But why are there four layers in great books and many not-so-greats? If we don’t have that in mind as more than a historical or private conceit, the “good stuff” of the second half of Bookshelf and the discussion of what critics missed on these levels in Twilight and Harry must seem unlikely, even ridiculous.
Four Aspects, Four Filters, Four Ways of Knowing
Two facts, right from the top. First, for thousands of years people understood the world radically differently than we do. Second, dismissing these people as having been idiots is an instance of chronological snobbery. If we cannot explain why whole civilizations were wrong, thinking that they must have been wrong because we don’t think that way know only testifies to our smug belief that history is progressive, and, standing at the end of time, we must be the smartest folks ever.
Granted, history reveals it has been a long time since there has been a golden age of peace, love, and justice anywhere in the world. I’d only say that these who think the past is by definition worse and dumber than the present have not read enough daily newspapers or history.
The biggest difference I have found in how individuals and civilizations see things is the conflict I discuss in Bookshelf, from Jane Austen through Jonathan Swift and Everyman to Shakespearean alchemical drama and Goudge’s Little White Horse. Swift wrote a very short and very funny book about it called, appropriately, The Battle of the Books. Real quickly, in Battle the Ancients in a library, those books by Classical philosophers and traditional thinkers, come to life and have an overnight war with the Moderns, books by philosophers and thinkers of the 17th and 18th centuries for the most part. It’s Aristotle, Homer, and Virgil against Hobbes, Descartes, and Wotton.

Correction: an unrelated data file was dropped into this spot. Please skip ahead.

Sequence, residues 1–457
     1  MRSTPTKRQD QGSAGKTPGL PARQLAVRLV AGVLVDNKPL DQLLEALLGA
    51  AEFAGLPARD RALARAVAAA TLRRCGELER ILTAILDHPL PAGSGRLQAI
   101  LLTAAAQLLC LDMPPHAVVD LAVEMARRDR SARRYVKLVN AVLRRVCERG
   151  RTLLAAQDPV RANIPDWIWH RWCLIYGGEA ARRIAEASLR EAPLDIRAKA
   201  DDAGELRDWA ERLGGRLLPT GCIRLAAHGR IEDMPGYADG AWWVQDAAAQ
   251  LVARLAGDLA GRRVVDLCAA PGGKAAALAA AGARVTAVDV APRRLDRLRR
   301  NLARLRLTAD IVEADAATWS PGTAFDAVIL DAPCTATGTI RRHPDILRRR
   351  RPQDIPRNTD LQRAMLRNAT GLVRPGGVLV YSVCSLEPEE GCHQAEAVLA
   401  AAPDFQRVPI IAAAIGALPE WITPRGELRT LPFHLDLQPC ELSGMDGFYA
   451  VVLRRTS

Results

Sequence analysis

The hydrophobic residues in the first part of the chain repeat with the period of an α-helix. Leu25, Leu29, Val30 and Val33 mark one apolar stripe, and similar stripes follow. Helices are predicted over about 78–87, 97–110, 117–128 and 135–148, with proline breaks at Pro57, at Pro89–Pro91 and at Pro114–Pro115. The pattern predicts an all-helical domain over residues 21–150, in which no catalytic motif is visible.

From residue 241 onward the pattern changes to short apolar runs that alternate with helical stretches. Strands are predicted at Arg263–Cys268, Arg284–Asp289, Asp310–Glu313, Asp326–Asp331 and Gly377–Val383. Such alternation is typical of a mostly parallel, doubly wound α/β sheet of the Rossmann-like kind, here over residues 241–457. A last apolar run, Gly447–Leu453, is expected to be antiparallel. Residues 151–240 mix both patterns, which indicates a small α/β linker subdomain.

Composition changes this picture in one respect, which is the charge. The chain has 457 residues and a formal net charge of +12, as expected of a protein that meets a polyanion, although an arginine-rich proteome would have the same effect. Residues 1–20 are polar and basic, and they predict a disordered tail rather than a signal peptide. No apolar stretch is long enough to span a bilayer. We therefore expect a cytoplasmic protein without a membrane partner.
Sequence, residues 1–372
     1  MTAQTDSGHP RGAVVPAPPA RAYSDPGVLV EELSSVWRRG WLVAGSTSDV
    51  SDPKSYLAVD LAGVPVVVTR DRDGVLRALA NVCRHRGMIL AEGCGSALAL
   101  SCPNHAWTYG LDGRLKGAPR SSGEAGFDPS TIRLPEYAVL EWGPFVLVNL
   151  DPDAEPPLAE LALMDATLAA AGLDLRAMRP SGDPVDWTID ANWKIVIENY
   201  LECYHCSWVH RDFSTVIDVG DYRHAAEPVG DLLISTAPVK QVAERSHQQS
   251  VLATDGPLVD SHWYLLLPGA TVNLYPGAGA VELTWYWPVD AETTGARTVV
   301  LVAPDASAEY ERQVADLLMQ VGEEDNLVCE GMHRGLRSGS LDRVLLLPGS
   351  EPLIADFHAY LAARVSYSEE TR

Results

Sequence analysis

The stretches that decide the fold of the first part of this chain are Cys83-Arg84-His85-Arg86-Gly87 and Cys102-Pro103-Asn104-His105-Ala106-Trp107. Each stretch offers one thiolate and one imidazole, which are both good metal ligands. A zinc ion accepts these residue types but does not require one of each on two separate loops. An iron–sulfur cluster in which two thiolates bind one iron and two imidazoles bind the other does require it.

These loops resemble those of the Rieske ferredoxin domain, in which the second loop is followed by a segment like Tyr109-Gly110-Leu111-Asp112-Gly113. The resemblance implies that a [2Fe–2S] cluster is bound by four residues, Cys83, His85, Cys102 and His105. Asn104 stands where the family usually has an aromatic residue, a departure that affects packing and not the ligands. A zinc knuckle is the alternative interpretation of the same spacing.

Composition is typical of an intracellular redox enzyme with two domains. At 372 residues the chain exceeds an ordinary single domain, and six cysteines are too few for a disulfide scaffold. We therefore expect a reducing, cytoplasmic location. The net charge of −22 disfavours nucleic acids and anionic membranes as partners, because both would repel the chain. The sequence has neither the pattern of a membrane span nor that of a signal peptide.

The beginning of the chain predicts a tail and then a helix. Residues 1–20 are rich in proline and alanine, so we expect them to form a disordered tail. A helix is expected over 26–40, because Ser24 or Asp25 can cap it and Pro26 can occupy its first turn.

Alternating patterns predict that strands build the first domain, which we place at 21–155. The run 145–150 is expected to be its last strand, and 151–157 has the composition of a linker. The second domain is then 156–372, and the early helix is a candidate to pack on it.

Their disagreement is fundamentally about which end of the telescope to look through. To the Ancients, to understand things – everything from a stone, to a person or an idea — we need to look outward to see intelligible rather than sensible things to grasp its principle or logos. To Moderns, this was so much non-sense, quite literally. Reality was solid and subject to sense perception. Rather than wisdom and communion with the principle of existence and nature, they sought scientific knowledge through examination of the hard facts.
The Moderns win the day in the “real world” if not in Swift’s story, but, as we’ve seen, the battle goes on. The best writers of the centuries before and after Swift have championed character over ego and truth, beauty, and goodness before advantage, utility, and power against the always growing consensus that only matter and energy are real. As a rule, we see the world and our way of knowing it as Harry does at his meeting with Dumbledore in Deathly Hallows; it’s either “real” or “just in my head.” Real knowledge is facts we have of material things from sense perception and is objective; anything else is just fantasy cooked up between my ears and subjective, unverifiable delusion.
Writers of the classical and romantic traditions, in contrast, as we’ll see in the last chapter of Bookshelf or you can read about today at much greater length in The Deathly Hallows Lectures, think like Dumbledore. What is real is the faculty “in your head” that is the same principle or logos as what brings every reality into existence. Things of matter and energy we can perceive through our senses are much less real because they are accidental combinations of their inner principles and relatively ephemeral stuff. Principles, in comparison and in themselves, are eternal.
Which brings us to the four layers of interpretation. The word “layers” suggests, inevitably and unfortunately, that there is separation or spaces keeping different meanings in air-tight compartments. Really, they are experienced simultaneously in the surface story, albeit unconsciously.